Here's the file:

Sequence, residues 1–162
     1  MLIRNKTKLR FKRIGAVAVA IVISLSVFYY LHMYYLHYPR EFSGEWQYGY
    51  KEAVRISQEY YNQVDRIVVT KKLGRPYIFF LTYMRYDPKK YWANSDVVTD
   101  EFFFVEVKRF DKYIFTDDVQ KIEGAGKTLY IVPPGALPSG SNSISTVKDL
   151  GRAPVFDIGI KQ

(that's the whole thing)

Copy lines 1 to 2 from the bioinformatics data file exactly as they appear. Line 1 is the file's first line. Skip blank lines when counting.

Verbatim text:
Sequence, residues 1–162
     1  MLIRNKTKLR FKRIGAVAVA IVISLSVFYY LHMYYLHYPR EFSGEWQYGY